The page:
Welcome to the Use Case Podcast, episode 258. Today we’ll be talking to Sid from WizeHire about the use case or business case for why his customers choose WizeHire.

WizeHire’s high-touch support and powerful recruiting tools help you find the top talent you need so you can focus on your business.

Give the show a listen and please let me know what you think. Thanks, William.

Show length: 21 minutes 


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Sid Upadhyay
Co-founder & CEO WizeHire Follow

Announcer: 00:02 Welcome to Recruiting Daily’s Use Case podcast, a show dedicated to the storytelling that happens, or should happen, when practitioners purchase technology. Each episode is designed to inspire new ways and ideas to make your business better as we speak with the brightest minds in recruitment and HR tech. That’s what we do. Here’s your host, William Tincup.

William Tincup: 00:26 Ladies and gentleman, this is William Tincup and you’re listening to the Use Case podcast. Today we have Sid on from WizeHire, and we will be learning about the business case or use case for Wize prospects and customers, pick WizeHire. Let’s just jump right into it. Sid, would you do us a favor and introduce both yourself and WizeHire?

Sid: 00:44 William, first of all, thanks for having me on. Love what you’re doing. Great to meet you. Again, my name is Sid, I’m co-founder and CEO at WizeHire. WizeHire is an online hiring platform focused on small businesses. We cater to someone that is just getting started, all the way up to someone that is about to be at 100 people.

01:04 We focus on providing a service that helps someone ideate the role that they need to fill. They might have had challenges elsewhere. We help them post jobs online. We teach our small business customers how to recruit and interview and ultimately get to what we all need, which is that hire that we needed yesterday.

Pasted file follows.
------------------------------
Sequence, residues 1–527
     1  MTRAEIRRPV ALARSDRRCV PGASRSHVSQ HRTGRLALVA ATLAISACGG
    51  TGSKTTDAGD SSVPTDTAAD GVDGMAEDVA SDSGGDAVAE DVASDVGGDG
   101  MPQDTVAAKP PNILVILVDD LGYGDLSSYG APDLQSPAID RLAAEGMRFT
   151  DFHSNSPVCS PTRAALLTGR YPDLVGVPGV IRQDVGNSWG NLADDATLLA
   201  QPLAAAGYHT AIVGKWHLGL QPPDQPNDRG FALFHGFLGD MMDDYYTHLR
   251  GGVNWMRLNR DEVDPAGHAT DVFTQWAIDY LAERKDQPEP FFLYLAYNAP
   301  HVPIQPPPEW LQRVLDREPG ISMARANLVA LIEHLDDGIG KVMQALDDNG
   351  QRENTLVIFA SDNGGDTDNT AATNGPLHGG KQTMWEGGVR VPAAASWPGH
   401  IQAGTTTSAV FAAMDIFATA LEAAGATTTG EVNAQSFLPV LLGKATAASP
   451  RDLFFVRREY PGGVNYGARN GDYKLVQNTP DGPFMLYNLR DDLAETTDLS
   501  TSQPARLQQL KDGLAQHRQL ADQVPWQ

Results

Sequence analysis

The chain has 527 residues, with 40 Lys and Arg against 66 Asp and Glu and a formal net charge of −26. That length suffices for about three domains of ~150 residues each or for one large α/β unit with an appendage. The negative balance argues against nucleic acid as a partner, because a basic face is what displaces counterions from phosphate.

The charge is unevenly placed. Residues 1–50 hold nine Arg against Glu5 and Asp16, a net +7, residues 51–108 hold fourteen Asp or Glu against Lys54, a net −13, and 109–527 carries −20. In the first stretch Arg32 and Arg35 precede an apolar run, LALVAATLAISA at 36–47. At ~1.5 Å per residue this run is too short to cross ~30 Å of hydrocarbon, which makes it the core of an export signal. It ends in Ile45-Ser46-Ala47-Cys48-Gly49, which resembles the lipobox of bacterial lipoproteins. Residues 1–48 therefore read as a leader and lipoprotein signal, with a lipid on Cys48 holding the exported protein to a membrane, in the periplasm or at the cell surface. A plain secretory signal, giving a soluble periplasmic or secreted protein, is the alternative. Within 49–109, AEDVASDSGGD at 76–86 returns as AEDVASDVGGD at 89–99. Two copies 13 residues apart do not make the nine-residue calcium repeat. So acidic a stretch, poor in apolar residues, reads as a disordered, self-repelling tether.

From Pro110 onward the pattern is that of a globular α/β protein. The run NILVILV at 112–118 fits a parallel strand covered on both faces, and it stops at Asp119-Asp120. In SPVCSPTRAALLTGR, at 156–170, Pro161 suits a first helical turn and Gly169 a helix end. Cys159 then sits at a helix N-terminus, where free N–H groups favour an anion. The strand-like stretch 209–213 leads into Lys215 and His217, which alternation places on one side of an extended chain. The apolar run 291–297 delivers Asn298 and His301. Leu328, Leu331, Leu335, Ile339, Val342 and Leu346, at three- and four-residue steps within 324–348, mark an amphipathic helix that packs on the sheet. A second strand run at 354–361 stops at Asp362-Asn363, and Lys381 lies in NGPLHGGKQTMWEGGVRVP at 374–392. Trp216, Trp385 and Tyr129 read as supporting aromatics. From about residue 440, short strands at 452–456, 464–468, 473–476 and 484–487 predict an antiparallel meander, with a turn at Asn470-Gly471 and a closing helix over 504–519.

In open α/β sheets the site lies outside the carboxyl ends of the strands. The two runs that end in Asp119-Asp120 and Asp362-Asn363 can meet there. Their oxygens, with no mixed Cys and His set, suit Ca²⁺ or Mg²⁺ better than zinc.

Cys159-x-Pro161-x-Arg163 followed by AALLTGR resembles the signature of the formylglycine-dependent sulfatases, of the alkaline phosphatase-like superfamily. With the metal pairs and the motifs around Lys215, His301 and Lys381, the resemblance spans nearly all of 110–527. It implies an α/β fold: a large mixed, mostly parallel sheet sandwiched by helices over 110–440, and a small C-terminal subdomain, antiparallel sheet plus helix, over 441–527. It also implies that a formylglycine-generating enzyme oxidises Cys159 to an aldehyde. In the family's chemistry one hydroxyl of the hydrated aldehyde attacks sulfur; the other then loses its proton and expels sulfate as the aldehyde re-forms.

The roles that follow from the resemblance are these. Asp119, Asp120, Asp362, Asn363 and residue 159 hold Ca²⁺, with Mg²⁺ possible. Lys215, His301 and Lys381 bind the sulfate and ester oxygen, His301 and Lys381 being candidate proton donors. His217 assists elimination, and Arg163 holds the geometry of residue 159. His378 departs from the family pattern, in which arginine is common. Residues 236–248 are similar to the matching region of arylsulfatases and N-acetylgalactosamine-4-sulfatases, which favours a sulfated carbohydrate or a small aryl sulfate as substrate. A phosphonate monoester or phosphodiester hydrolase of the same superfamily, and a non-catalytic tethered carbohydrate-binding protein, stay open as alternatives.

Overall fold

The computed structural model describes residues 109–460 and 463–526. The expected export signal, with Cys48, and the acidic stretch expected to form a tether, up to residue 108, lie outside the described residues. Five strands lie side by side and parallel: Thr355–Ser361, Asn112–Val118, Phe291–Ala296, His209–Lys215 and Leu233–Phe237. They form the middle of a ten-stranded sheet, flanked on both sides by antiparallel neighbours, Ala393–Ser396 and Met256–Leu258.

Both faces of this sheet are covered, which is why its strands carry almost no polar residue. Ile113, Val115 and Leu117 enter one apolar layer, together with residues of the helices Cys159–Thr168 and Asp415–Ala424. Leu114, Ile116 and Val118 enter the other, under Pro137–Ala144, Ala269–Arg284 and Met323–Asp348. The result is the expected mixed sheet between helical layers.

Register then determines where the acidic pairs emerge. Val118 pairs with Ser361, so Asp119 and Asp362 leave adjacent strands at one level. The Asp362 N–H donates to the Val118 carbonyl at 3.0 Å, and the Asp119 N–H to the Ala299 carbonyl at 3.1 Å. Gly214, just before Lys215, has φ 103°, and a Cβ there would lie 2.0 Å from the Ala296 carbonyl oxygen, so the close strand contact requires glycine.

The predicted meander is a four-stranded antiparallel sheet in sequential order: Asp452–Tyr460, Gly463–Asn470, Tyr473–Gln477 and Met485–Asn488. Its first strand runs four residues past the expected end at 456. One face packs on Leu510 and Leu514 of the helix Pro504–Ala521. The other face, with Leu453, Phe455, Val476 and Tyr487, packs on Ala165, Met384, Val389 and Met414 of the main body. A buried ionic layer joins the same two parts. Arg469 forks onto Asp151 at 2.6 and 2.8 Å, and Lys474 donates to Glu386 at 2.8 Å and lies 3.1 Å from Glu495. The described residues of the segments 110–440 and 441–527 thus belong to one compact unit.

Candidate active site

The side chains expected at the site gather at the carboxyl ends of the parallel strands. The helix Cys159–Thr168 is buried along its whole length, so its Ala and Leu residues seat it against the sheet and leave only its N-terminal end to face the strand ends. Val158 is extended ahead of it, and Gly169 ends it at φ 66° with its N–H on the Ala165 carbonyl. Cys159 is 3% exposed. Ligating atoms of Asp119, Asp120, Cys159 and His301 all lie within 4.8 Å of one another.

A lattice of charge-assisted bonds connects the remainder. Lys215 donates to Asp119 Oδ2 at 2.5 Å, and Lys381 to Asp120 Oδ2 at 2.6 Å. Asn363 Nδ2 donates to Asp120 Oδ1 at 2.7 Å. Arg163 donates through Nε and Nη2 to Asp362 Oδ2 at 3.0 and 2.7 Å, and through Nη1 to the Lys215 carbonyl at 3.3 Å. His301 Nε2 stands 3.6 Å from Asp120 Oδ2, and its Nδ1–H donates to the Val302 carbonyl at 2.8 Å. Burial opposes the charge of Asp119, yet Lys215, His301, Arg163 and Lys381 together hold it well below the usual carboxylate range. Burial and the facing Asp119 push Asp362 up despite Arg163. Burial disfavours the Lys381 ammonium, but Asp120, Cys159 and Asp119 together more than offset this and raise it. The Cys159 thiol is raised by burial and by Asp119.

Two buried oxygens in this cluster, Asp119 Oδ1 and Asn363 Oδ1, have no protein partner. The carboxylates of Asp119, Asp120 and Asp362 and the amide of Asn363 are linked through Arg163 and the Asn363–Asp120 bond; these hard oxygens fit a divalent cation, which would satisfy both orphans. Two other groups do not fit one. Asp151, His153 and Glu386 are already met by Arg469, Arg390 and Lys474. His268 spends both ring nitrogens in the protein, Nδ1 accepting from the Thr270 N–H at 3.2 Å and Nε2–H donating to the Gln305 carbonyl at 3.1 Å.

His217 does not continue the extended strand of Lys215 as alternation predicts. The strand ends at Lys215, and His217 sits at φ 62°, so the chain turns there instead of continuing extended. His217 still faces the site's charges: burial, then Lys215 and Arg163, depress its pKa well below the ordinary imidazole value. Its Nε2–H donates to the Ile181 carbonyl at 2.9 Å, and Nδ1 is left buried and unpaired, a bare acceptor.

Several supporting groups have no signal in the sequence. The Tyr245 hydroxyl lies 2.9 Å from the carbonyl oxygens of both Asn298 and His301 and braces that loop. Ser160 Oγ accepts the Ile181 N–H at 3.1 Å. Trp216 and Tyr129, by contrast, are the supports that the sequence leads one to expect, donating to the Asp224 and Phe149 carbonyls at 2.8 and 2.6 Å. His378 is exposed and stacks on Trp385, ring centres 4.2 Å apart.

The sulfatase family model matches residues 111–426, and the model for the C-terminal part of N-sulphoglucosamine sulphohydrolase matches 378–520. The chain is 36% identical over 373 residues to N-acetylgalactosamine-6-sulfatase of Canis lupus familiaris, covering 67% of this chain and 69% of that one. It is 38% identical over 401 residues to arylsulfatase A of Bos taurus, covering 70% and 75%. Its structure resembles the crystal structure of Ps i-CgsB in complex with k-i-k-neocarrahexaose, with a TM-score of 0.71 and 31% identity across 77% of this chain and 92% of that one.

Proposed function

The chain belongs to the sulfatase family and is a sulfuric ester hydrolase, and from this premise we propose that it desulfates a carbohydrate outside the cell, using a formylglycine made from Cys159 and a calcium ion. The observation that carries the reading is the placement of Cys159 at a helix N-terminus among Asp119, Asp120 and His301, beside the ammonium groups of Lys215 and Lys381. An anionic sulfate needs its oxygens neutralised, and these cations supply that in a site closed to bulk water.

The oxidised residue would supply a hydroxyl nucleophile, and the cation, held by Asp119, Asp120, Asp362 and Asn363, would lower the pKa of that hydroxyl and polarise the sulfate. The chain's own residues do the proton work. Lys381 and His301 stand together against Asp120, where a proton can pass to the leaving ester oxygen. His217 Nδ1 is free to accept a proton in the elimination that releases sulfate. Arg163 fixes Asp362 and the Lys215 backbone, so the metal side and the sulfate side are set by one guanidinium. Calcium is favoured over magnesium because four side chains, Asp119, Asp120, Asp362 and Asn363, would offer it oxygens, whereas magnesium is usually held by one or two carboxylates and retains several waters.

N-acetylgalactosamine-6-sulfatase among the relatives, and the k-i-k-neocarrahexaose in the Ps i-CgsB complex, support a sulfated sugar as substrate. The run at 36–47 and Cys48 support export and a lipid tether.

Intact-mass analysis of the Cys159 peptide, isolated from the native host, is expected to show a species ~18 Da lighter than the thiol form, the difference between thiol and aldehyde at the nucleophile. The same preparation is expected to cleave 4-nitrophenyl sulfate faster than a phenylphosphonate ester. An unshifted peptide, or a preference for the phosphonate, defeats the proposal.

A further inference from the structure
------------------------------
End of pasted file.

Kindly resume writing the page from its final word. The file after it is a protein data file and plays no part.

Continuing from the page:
William Tincup: 01:23 I love this because there’s not a lot of solutions down for the SMB. Fortune 1000 is saturated and there’s only 1000 of them, it turns out. And so there’s not as many solutions because it’s hard and I know you know this. But it’s almost like consumer oriented and then you almost have to kind of break it out and go, “Okay.” I love that you’ve 0 or 1 to 100 and then at 100, maybe they’ve outgrown you or maybe they feel that they needed other things, et cetera. Two things come to mind. First, is there any geographical or industry focus in terms of your outreach and building the kind of pipeline?

Sid: 02:05 Yeah, no. William, I think you’re so right When you think about the space, especially when it comes to most HR tech products. We are embracing the challenges of small businesses. And the one way we do that is to be really, really surgically precise and focused, on who we cater to. Today we operate in the United States and in Canada and that is just such a great community of entrepreneurs that we back and support and help grow.

William Tincup: 02:30 I love that. When dealing with SMBs you’re doing, especially with, they don’t probably have an HR person yet, or maybe they do and you’re helping them with something like recruiting, which is very inefficient. Some of these folks have probably come from a place of posting on Craigslist or something really super inefficient. A, who’s the customer? First of all, I won’t even lead you. Who do you deal with right now as your primary customer?

Sid: 03:05 Yeah, no, great question. Our customers are very much owner operators of companies. These are people that got into business for a passion and we joke about this, that recruiting and hiring, it’s a collateral responsibility. It’s something that they stay up at night agonizing about because talent is the lifeblood of companies and small business on Main Street. And what’s a fun thing about what we get to work on, which is to help solve this incredibly important problem, one of the biggest decisions that they’re going to make at the end of the day.

William Tincup: 03:36 And is it hourly salary or is it a mixture of those two things or you’ll focus more on the salaried positions?

Sid: 03:46 Yeah, no. We’re actually across the gamut. But I’ll tell you one way that we are focusing, so that we can really give it a great experience, is actually by going industry by industry, in about seven to eight industries. And in them, great examples, like real estate where we got started, or some of our newer industries like accommodations and hotels, where we’re helping with everything from the hourly frontline worker, all the way up to managers and management that you may be bringing in.

William Tincup: 04:13 That’s cool. First of all, I love all of this. I love the verticalization, I love the focus in terms of the employee count and also the part of the market that is just not served that well with great HR tech.